Imaginary Parking Spaces Crowding Norfolk, Virginia

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Imaginary Parking Spaces Crowding Norfolk, Virginia

In their efforts to facilitate commercial use of historic buildings, planning officials in Norfolk, Virginia have been relying on a creative application of parking requirements. As older buildings are converted to new businesses, the city bypasses parking minimums by offering a credit for one space per 250 square feet, according to pilotonline.com.

This policy has created imaginary parking all over the city. It has worked until now, but as more and  more old spaces are updated, officials are concerned that there might be too much parking in Norfolk. They are considering a new equation for parking requirements around historic buildings.

The change would involve either lowering the parking requirement 50 percent or 30 percent, depending on where the property is located. Old buildings either downtown or in the “traditional” district – neighborhoods in the southwest quadrant of the city – would only need to find half the required parking spaces for their new uses.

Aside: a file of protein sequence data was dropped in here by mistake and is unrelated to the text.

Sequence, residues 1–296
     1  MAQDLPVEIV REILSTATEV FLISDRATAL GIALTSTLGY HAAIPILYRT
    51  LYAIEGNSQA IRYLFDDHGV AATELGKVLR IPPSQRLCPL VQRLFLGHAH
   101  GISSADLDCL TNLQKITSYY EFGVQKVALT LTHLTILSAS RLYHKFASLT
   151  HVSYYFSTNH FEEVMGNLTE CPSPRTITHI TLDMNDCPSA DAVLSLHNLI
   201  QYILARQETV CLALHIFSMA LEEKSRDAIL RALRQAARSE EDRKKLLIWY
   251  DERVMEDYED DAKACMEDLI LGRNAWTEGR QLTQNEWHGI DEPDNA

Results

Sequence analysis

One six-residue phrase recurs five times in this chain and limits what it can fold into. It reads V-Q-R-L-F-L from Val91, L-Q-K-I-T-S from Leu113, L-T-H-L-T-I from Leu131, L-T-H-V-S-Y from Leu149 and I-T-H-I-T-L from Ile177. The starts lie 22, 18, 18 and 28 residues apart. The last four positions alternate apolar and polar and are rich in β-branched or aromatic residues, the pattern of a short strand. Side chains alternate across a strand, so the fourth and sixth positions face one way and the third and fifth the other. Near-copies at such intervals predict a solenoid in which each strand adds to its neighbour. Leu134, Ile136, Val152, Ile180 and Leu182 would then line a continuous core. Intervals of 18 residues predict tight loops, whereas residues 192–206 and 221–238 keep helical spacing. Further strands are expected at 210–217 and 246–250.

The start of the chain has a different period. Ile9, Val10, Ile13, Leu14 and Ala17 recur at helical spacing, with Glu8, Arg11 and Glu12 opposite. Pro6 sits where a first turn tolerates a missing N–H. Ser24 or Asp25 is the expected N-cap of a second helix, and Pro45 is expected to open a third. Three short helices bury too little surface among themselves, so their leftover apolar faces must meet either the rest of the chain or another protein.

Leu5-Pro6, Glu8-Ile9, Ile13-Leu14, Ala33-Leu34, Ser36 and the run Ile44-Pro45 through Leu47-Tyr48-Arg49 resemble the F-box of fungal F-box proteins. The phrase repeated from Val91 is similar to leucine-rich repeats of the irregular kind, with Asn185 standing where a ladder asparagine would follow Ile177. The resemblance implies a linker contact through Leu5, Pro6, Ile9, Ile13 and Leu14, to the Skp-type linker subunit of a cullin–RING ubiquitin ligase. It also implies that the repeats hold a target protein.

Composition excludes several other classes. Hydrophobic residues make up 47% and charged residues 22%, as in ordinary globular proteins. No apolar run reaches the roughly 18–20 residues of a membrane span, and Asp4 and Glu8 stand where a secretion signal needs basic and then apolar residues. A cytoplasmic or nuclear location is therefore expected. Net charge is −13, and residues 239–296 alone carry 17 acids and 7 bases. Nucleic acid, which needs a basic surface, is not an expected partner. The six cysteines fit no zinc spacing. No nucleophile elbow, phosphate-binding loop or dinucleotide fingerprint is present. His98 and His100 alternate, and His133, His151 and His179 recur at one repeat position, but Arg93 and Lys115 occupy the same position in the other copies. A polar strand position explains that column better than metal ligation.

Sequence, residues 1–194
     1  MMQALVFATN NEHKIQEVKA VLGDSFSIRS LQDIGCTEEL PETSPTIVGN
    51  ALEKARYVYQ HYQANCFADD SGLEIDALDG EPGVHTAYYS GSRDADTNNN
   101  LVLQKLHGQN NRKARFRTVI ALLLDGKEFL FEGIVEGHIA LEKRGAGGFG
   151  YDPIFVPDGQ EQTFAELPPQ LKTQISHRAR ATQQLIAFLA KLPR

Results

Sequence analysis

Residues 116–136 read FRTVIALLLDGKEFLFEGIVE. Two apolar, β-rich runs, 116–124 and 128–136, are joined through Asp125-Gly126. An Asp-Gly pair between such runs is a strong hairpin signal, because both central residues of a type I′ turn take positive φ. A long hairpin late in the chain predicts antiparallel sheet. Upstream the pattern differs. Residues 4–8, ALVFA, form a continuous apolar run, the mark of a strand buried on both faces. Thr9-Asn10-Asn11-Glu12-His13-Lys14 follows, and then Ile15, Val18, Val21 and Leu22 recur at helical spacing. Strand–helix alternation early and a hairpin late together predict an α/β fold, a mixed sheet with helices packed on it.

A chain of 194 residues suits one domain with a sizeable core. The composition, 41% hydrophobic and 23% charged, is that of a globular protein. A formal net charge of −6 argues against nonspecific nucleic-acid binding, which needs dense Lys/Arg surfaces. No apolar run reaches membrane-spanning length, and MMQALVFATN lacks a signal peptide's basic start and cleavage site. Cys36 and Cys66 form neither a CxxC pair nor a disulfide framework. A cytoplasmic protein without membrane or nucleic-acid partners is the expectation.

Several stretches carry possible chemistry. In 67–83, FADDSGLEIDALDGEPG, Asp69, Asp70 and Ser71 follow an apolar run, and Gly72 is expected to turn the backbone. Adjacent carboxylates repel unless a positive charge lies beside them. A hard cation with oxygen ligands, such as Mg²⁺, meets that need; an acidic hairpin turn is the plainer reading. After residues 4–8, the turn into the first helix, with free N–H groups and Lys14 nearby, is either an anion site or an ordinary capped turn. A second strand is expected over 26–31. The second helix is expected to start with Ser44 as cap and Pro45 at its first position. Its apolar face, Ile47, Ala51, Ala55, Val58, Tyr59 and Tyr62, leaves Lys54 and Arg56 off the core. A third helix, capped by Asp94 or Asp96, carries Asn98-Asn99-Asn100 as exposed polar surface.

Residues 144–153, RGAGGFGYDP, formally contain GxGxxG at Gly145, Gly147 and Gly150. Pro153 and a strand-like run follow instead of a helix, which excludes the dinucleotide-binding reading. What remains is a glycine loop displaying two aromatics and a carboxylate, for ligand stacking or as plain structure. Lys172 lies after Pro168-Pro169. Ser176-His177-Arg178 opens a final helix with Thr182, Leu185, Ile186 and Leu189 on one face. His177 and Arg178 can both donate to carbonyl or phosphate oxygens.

Norfolk’s imaginary parking policy sounds down right crazy. I want to go park my imaginary car there and pay for my parking with imaginary money. But the reasons for the odd approach are sound and admirable: the city wants to preserve older buildings and maintain the character of its historic areas. Leaders don’t want Norfolk to look like every other city.

I’m not sure about imaginary parking, but I am positive about valuing the heritage of architecture.

Read the article here.

John Van Horn

John Van Horn

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